Googled Yourself Lately? Tips for Professionalizing Your Web Presence

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EgO at UMassEgO at UMass

As this Chronicle article, Facebooking for the Tenure Track, (which you should read) explains, now is as good a time as any to take control over your web presence. Students, colleagues, professors, employers — potential dates — they're all Googling and Facebooking, and sometimes finding more than what you had expected.

Just last month after running a Google search on myself, I found myself listed, unauthorized, on a website called Spock. The site had lifted my full name, location, birthday, age, a silly photo, and friend list from my centuries-old, password-protected MySpace profile (which had been set to private) and posted that information in a public listing. Happily, after emailing the company, the information was immediately removed. But a lesson was learned. It's probably no longer realistic to be anonymous on the web. But what can you do to limit the circulation of damaging information and even professionalize your web presence?

Facebook Friend Lists
Articles with tips to protect yourself on Facebook abound and include such no-brainers as "set your profile to private" and "don't post images of yourself drunk and dancing on bar tables." But I have found that one of the most useful but underused strategies is to create "Friend Lists" and then assign each list different privacy settings. For instance, while your 10 closest friends might have access to your full account, you can keep separate Friend Lists for acquaintances, old high school friends you wished hadn't found you, and your mother, who recently and inexplicably set up an account.

To do this, from the top menu, go to "Friends." On the left-side menu, at the bottom of the "Lists" already created, you'll see a little plus sign. Click it to create a new Friend List. Once you've created the lists you want, from the top menu go to Settings —> Privacy Settings —> Profile. From each drop-down menu (i.e., Profile, Status, Photos Tagged of You), choose "Customize." Under "Who Can See This?" choose "Some Friends." You will now have the option to type in a friend list. Facebook even allows you to preview your profile as a certain friend would see it so there is no doubt about who has access to what.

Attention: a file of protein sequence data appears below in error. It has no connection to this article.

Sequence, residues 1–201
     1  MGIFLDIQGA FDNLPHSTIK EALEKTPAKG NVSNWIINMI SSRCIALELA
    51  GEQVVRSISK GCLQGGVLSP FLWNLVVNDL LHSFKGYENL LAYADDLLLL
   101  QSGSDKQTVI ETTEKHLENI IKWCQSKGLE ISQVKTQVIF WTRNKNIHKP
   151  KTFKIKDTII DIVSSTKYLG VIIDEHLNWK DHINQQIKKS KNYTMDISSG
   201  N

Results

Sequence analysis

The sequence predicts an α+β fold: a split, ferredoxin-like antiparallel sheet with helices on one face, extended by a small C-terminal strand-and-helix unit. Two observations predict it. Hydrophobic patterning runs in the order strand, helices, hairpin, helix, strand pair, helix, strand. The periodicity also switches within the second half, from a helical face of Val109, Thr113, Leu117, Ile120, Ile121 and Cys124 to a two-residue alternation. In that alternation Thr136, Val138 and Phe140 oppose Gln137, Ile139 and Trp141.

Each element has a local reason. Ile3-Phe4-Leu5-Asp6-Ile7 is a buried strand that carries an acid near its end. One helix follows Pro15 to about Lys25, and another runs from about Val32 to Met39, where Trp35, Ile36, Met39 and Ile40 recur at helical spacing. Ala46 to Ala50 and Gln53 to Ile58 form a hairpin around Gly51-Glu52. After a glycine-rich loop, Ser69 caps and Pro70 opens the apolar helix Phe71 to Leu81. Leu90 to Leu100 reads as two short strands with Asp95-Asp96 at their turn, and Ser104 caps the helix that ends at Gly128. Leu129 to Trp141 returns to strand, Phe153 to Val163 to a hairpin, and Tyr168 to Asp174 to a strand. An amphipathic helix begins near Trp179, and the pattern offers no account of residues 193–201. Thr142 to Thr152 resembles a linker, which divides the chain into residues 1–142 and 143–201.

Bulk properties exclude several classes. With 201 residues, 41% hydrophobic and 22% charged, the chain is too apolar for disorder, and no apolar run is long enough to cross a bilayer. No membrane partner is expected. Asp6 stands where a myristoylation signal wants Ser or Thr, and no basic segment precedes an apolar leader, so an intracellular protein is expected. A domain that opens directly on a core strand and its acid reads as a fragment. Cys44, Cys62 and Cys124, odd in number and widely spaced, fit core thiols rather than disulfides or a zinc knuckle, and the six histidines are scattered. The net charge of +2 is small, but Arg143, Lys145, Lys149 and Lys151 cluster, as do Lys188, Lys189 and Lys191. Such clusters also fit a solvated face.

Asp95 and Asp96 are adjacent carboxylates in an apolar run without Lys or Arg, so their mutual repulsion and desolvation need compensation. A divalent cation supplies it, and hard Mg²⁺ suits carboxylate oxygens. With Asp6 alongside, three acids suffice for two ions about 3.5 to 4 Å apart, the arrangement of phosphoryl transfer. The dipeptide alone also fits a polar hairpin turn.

By the time you're finished here, that professor who friended you will be able to see little more than your name.

(Caveat: customizing Friend List privacy settings does not necessarily give you free license; anything on the web is still, well, on the web.)

Delete Accounts on Old Social Networking Sites
Do you have a Friendster account you haven't looked at in 5 years? You were 5 years younger; it probably has something embarrassing on it. Delete accounts for any social networking sites you are no longer using (and monitoring) regularly.

Run a Narrow Google Search
You should (and probably do) Google yourself occasionally. But don't take false comfort in the fact that your name is John Smith and therefore no one will ever be able to find you. In addition to your general Google search, attach keywords that any self-respecting stalker would use to narrow the results. "John Smith UMass" is a pretty good start. Then take action. Remove offending content you have control over; contact websites that are posting hazardous information and ask them to remove it. (See incident with Spock above.)

Build a Professional Web Presence
Finally, taking control of your web presence is not just purging questionable content; it is also a personal PR campaign to define how you want the world to see you. The Chronicle article has some great suggestions to that end. But you might also consider creating a simple, concise professional webpage on UMass's server or writing a blog addressing your research interests via one of the numerous blog hosts, including Blogger, Wordpress.com, or UMass's own Blogs at UMass Amherst. I have a friend, for instance, whose professional interests blog, which she listed on her resume and business card, helped her land a (nonacademic) job.

And of course, post a blurb about your research and teaching interests on our wiki's Grad Student Bio page.


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